The algorithm is a BFS or level order traversal. We go through the tree level by level. node is the pointer in the parent level, tail is the tail pointer in the child level.
The parent level can be view as a singly linked list or queue, which we can traversal easily with a pointer.
Connect the tail with every one of the possible nodes in child level, update it only if the connected node is not nil.
Do this one level by one level. The whole thing is quite straightforward.
def connect(self, node): tail = dummy = TreeLinkNode(0) while node: tail.next = node.left if tail.next: tail = tail.next tail.next = node.right if tail.next: tail = tail.next node = node.next if not node: tail = dummy node = dummy.next # 61 / 61 test cases passed. # Status: Accepted # Runtime: 100 ms # 95.26%
@dietpepsi Elegant! Great use of dummy pointer. Thanks for the solution!
Hi, thank you for sharing the code. I really have difficulty in understanding how the dummy works: it seems to me that dummy is a floating node all the time, and at the end of every level, node will become Null since it is assigned to dummy.next. Therefore, node will not pass the while condition for every level, actually it should get stuck for the 1st round (root node). I'm really struggling where I got wrong. Could you help to point out? Thank you so much!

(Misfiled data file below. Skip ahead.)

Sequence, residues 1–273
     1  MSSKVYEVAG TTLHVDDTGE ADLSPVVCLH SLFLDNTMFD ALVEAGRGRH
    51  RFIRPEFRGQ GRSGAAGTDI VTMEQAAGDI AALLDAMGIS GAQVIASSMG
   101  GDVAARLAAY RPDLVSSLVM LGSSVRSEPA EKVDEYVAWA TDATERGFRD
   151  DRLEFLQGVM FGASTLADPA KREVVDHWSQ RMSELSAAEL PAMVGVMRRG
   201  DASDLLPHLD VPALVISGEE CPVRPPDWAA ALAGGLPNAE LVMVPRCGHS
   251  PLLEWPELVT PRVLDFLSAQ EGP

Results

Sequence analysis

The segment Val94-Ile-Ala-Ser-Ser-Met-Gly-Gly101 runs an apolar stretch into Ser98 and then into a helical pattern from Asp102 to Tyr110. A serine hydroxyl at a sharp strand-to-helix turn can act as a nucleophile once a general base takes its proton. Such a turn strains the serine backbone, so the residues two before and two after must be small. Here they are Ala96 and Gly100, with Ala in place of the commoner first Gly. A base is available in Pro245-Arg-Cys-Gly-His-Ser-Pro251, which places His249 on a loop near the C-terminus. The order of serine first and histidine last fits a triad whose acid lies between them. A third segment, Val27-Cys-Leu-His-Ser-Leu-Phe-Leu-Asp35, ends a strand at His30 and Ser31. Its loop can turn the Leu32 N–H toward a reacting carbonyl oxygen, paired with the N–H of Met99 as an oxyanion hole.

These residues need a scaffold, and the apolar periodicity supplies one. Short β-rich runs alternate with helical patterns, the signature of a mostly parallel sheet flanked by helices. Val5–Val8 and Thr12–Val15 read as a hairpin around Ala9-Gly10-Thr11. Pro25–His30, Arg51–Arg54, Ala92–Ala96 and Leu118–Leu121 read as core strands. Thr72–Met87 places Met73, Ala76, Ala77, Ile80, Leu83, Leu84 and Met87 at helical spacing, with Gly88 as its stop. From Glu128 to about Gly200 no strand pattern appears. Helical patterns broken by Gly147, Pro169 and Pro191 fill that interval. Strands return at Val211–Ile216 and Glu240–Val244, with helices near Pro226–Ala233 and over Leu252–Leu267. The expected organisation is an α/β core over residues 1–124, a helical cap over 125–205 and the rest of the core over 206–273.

For the benefit of others, here is more intuitive code with more clear names to clarify their meaning and purpose. Whole credit is to @dietpepsi whose this post actually inspired me to think of linked list as a queue
class Solution: # @param root, a tree link node # @return nothing def connect(self, root): if not root: return sentinel = rear = TreeLinkNode(0) # enqueue root front = root front.next = rear while front is not rear: # dequeue from front node = front front = front.next # if sentinel is dequeued if node is sentinel: # if rear has non sentinel items # enqueue sentinel back if rear is not sentinel: rear.next = sentinel rear = rear.next continue if node.next is sentinel: # full level is traversed node.next = None # enqueue left if node.left: rear.next = node.left rear = rear.next # enqueue right if node.right: rear.next = node.right rear = rear.next
@gaosuwoniu The first line where we make tail and dummy equal to same tree node that we newly created.
tail = dummy = TreeLinkNode(0)
Afterwards in while loop, first line we make tail.next equal to node.left which is the left node (of the current node being traversed) in original tree. So if python assignment works the same as pointers in C, in this line essentially we are also setting dummy.next to node.left, because they are pointing towards same node.
tail.next = node.left
now in the last line of the function we are equating node = dummy.next which is pointing to node.left since we did not move it at all in the entire loop. That is how its going to the next level.
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